Last Updated on 05/27/2021
TV coverage of hurricanes, floods, tornadoes, terrorist attacks, and many other natural or humanmade disasters often shows workers with FEMA jackets helping victims. So, at least once in your life, you saw or heard about this organization.
But did you ever have a chance to delve deeper into this topic? What does this agency do, how do they work, who are these people in FEMA uniform, and how hard to get hired?
In 2003 FEMA became a part of the Department of Homeland Security (DHS). And for today, this organization has more than 11 thousand workers throughout the country and its headquarters, including the National Emergency Training Center, Center for Domestic Preparedness/Noble Training Center, and its ten regional offices.
Due to the tight selection for each workplace, many people believe that getting hired at FEMA is almost unreal. But nothing is impossible! Keep reading to find out all the FEMA career details.
Table of Contents
What is FEMA?
Before moving to the central issue of FEMA employment opportunities, let’s look at the “What is FEMA” question and learn a little more about its history.
According to official data, the federal emergency management agency was created in the 1979 year (more than 40 years ago). The mission of FEMA was and remains unchanged: to decrease the loss of property and life, defend national institutions from all dangers by managing and supporting the government and people in a risk-based emergency administration program of preparedness, mitigation, response, and recovery.
Does this mean that working for FEMA is the same as being a superhero? It does! Because since the year of its foundation, FEMA remains the leading agency within the national government for responding and recovering from disasters.
For today, FEMA has provided support for more than 1,900 incidents in the country. It is serving the nation coordinating efforts and extensive resources with any number of federal, local, and even tribal partners. It also provides support to the nongovernmental organizations and the private sector. If legal federal assistance resources are exhausted, FEMA partners with the Department of Defense (DoD) for additional ones.
How to Work for FEMA?
FEMA directs its forces to secure the best allocation of resources, human supplies, and funds. Here are the 3 most significant departments you can work for FEMA:
Response and Recovery
The Office of the Associate Administrator for Response and Recovery (ORR) was combined with Logistics Management, Response, and Recovery Directorates. This way, the ORR accepts all requests for crisis declarations and significant disasters in acquiescence with the Robert T. Stafford Disaster Relief and Emergency Assistance Act. Also, it provides direction, guidance to build, sustain, and enhance the coordination and transfer of support, manages several DEMA’s primary operational components, which cover:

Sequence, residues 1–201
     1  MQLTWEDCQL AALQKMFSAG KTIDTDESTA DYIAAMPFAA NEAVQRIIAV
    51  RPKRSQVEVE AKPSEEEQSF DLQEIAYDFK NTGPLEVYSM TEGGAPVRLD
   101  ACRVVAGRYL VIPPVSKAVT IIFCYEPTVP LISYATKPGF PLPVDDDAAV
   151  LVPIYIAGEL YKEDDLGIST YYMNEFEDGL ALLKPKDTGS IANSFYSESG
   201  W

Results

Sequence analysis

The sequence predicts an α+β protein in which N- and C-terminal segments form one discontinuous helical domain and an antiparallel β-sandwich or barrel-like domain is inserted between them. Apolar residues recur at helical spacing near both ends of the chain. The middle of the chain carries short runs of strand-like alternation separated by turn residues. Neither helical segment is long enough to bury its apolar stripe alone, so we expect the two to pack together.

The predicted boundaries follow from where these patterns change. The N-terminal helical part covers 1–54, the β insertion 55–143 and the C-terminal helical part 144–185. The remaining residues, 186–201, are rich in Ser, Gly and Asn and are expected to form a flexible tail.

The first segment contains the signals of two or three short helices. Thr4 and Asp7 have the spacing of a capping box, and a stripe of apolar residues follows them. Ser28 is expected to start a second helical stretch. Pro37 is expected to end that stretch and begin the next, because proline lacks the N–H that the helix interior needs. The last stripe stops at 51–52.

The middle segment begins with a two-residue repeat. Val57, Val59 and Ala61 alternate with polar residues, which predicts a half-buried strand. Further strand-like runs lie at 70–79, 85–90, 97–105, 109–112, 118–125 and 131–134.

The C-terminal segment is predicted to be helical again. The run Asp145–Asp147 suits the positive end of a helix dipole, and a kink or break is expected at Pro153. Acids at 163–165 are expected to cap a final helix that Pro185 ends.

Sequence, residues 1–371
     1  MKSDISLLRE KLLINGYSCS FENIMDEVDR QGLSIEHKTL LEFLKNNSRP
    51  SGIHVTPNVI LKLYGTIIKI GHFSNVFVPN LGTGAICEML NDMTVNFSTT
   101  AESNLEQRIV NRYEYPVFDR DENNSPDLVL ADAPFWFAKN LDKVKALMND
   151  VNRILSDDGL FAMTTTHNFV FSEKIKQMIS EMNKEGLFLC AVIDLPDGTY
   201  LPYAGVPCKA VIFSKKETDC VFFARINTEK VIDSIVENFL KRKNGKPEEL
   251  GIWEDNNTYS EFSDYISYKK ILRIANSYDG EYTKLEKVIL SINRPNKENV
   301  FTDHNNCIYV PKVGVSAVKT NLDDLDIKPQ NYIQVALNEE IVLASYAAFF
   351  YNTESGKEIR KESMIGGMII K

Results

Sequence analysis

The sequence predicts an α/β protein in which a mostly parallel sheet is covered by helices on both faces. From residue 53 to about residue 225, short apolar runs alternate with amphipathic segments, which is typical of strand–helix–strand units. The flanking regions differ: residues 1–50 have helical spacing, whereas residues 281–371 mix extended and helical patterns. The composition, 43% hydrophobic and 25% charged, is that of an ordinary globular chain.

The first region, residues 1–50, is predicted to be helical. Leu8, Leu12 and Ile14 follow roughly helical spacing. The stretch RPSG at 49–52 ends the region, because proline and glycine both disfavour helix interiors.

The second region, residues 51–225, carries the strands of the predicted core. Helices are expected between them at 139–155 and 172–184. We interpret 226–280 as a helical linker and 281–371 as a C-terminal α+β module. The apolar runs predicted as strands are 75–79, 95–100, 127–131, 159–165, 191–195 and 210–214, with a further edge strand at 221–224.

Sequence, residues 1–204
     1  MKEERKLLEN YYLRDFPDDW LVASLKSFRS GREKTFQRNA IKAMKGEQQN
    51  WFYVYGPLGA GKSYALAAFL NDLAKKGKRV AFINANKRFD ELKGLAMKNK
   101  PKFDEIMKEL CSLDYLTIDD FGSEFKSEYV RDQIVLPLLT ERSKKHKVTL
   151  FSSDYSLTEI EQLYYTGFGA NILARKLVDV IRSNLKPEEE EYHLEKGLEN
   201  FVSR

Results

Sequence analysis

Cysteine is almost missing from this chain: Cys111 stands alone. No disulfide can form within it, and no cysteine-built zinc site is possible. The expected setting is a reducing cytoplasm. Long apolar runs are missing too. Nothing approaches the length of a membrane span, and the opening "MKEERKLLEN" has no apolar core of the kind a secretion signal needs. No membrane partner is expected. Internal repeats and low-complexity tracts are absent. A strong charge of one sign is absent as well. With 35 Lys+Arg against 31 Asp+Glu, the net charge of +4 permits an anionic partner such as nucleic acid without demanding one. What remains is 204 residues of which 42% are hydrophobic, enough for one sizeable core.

- Logistics Management Directorate;
- Response Directorate;
- Recovery Directorate;
- Field Operations Directorate;
- Office of the Associate Administrator for Response and Recovery (Executive Staff, Doctrine and Policy Office and Business Management Office).
Assessment and Readiness
FEMA created the Readiness and Assessment office in the 2010 year. FEMA administrator and agency leaders of this department warrant and inform the overall level of readiness of response and recovery teams for one or another disaster. Roughly speaking, they are always responsible for the preparedness of the rescue teams.
Other employees are researching future disasters to predict their probability and perform preliminary training. They also collaborate with different research centers and universities, which studying natural hazards.
Logistics Management Directorate
This directorate (now a part of the Response and Recovery Office) requires special attention. Official FEMA website gives clear descriptions of its mission:
- deliver the appropriate logistics support, to the right area, at the fastest period (to stabilize society lifelines);
- facilitate the suitable reconstruction and operationalizing of private sector supply connections, businesses, and infrastructure (to secure community lifelines).
In other words, the directorate implies a responsibility for logistics support, performance, standards, and operations with policy guidance. LMD also oversees the General Services Administration and Resource Support. Many experts are sure that this department provides the safest, but at the same time, highly responsible jobs at FEMA.
FEMA Job Opportunities
Jobs with FEMA have a broad arrangement of specialists, so many career paths can be pursued, including:
Permanent full-time positions. All permanent, full-time FEMA workers are hired through a competitive process that includes an application with resume, cover letter, and interview.
We usually call such positions as career jobs. The first year of work at any role is considered a probationary period. After undergoing training, obtaining certificates, an annual probationary period, and 3 years of working experience (in the same position), an employee can finally receive a competitive salary. Here are some official examples: